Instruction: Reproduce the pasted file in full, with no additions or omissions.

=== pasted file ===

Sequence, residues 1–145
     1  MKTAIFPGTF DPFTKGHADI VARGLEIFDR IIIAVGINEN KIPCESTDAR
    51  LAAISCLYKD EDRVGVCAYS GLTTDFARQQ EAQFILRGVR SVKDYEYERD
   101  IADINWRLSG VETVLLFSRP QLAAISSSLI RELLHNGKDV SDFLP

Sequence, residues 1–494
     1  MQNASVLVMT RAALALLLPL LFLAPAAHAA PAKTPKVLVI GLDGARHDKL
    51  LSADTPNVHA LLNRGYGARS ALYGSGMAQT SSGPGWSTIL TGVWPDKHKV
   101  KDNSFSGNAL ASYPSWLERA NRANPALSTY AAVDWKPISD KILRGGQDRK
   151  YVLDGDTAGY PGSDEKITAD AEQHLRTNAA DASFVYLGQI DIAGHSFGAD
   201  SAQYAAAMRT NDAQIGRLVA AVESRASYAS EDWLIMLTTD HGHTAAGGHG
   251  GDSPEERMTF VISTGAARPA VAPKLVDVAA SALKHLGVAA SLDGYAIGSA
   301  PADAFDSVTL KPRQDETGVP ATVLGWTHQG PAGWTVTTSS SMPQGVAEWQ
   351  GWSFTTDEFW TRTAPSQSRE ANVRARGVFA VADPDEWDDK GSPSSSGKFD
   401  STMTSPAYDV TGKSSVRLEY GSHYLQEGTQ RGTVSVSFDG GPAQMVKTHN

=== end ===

Sequence, residues 1–145
     1  MKTAIFPGTF DPFTKGHADI VARGLEIFDR IIIAVGINEN KIPCESTDAR
    51  LAAISCLYKD EDRVGVCAYS GLTTDFARQQ EAQFILRGVR SVKDYEYERD
   101  IADINWRLSG VETVLLFSRP QLAAISSSLI RELLHNGKDV SDFLP

Sequence, residues 1–494
     1  MQNASVLVMT RAALALLLPL LFLAPAAHAA PAKTPKVLVI GLDGARHDKL
    51  LSADTPNVHA LLNRGYGARS ALYGSGMAQT SSGPGWSTIL TGVWPDKHKV
   101  KDNSFSGNAL ASYPSWLERA NRANPALSTY AAVDWKPISD KILRGGQDRK
   151  YVLDGDTAGY PGSDEKITAD AEQHLRTNAA DASFVYLGQI DIAGHSFGAD
   201  SAQYAAAMRT NDAQIGRLVA AVESRASYAS EDWLIMLTTD HGHTAAGGHG
   251  GDSPEERMTF VISTGAARPA VAPKLVDVAA SALKHLGVAA SLDGYAIGSA
   301  PADAFDSVTL KPRQDETGVP ATVLGWTHQG PAGWTVTTSS SMPQGVAEWQ
   351  GWSFTTDEFW TRTAPSQSRE ANVRARGVFA VADPDEWDDK GSPSSSGKFD
   401  STMTSPAYDV TGKSSVRLEY GSHYLQEGTQ RGTVSVSFDG GPAQMVKTHN